Wednesday, May 20, 2009

I Dreamed . . .

I remember the famous Maidenform “I Dreamed“ ad campaign from when I was a very little girl. If I am not mistaken, it is the longest running series of ads in print ad history. For those of you unfamiliar with it, the ads depict an attractive model, clad in a costume that allows the Maidenform bra to be revealed. She is doing something fun or daring in the ads. The implication is a cross between if you dream it, you can do it, and this is so outrageous it can only happen in your dreams.

The campaign began in 1949 and ran through 1969 in its original format, “I Dreamed I... [did such and such] in my Maidenform bra” but then continued with variations on this theme which have continued into the new millennium. The dreams started out rather tamely, with “I dreamed I went shopping in my Maidenform bra” and “I dreamed I went strolling in my Maidenform bra” in its early stages; then got more imaginative throughout the 50s; just a few examples—”I dreamed I broke the bank in Monte Carlo...” “I dreamed I was a toreador...” "I dreamed I played Cleopatra..."

By the early 60s many of the ads in the series (and there were a ton of them) took on a real action-adventure flair— “I dreamed I walked a tightrope...“ “I dreamed I was a knockout...“ (referring to boxing in a double-entendre) “I dreamed I took the bull by the horns...”

In the late 60s and early 70s, as more women were opting for serious careers, Maidenform dropped the fantasy element of the ads. By the 80s, the ads depicted women in their skivvies, performing their high-powered jobs (doctor, attorney, businesswoman) in a campaign with the slogan “The Maidenform Woman: You never know where she’ll show up.” Women everywhere disdained these ads and they were pulled. Here’s an example on the left, below.

Fast forward to 2005, smack in the middle of the previous He Who Shall Not be Named administration’s era. Here is that year’s ad. We’re back to dreams. Yikes! this one scarcely needs comment (despite this particular "dream" coming true, this is definitely not a nursing bra. Or the breasts of a real mother of a 4- or 5-month old). What’s next for Maidenform? A campaign titled “This feels right.” I haven’t been able to find images.

The endurance of the “I dreamed” ads (they are now quite collectable) speaks to how little it takes to fire the imagination of a nation of unfulfilled women. That ads for basic lingerie could spark the yearning for expression, adventure, daring and sometimes a bit of outrageousness speaks volumes. No wonder these fantasy-filled ads were so popular in an era when women lives were defined by domesticity.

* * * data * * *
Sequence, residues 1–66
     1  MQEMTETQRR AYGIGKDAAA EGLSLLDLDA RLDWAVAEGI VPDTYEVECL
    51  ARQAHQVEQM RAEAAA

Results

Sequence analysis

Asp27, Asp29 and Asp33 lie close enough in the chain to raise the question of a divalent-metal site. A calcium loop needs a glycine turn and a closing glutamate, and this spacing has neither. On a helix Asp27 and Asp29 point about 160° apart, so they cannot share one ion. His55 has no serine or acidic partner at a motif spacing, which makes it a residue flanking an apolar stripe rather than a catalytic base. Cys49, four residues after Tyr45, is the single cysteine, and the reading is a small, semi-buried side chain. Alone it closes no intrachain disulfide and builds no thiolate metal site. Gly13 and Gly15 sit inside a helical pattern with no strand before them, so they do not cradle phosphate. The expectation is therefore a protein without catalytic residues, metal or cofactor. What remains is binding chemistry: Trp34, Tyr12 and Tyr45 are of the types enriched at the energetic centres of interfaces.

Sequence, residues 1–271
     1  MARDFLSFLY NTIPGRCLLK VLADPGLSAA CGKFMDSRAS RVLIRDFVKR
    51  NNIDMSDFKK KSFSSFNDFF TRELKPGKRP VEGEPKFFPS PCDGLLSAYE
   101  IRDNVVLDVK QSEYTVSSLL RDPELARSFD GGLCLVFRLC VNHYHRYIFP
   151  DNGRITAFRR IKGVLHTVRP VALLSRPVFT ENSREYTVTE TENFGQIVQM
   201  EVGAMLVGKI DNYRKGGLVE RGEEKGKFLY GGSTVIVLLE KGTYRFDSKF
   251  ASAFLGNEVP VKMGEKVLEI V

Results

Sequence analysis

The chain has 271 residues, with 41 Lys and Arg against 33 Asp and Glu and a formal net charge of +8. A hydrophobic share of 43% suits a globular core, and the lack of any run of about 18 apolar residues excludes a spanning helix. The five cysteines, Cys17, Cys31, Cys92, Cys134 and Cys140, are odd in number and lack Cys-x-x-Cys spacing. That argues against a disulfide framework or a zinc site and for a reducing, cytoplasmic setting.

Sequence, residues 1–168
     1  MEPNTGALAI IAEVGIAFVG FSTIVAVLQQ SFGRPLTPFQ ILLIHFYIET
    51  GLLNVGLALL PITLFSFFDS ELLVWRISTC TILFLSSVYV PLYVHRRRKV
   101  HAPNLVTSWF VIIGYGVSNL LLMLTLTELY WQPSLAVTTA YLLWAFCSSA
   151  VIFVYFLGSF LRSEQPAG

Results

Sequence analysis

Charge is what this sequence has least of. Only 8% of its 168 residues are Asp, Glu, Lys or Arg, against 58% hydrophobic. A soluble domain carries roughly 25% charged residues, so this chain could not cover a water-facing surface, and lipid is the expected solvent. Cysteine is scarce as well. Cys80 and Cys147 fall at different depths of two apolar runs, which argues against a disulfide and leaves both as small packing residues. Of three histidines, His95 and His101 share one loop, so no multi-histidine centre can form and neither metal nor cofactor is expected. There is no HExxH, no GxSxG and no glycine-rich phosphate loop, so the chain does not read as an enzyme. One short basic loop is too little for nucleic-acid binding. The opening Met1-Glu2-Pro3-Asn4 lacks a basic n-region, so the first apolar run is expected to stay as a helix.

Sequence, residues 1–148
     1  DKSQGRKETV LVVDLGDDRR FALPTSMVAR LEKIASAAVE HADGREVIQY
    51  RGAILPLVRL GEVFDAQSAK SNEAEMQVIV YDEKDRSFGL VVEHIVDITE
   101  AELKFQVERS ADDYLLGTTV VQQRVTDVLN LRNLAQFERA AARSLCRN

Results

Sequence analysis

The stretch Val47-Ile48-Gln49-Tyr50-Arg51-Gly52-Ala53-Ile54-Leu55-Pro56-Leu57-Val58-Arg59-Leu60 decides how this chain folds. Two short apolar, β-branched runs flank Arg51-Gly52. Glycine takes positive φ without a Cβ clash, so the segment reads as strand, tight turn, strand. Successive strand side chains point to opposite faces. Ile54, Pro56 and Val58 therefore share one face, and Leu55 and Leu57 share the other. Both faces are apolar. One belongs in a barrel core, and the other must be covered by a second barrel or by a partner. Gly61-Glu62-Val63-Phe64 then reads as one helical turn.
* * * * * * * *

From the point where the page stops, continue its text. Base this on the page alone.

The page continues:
Wait . . . hasn’t the average, contemporary woman’s life gone back to being defined largely by all things domestic? I wonder if Maidenform shouldn’t go back to that “I dreamed” campaign.

Monday, May 4, 2009

Sluts and Studs

I've done several versions of this limited edition artist's book titled Sluts and Studs (and its companion, Tomcats and Trollops, which shows vintage photos of couples). I'm not the first artist/writer to explore the dichotomy between male/female sexual language, but it continues to fascinate. The images are from the 40s and 50s, and most of the language harks from an even earlier era. A sexually prolific man is a Stud, Romeo, Ladies' Man, or at worst, a Tomcat, Rake, and Womanizer. He is to be admired, or just a bit naughty.

Sexually active ladies are called, on the other hand, Slut, Tramp, Nymphomaniac, or variations on prostitute: Tart, Floozy, Strumpet. The dictionary definitions, which I've designed as part of the endpapers, only emphasize the contrast in language even more.

There still seems no term for a woman who is sexually active in a healthy sort of way, the female version of stud, perhaps. A recent movie (I Love You, Man) used the more recent word, Cougar, which I understand refers to a sexy older woman, but I'm not sure it has a positive connotation to it; there is a tinge of the predatory about it. If anyone knows of some recent sexual terminology along these lines, please let me know. It's a subject I'd like to continue to explore through my artwork.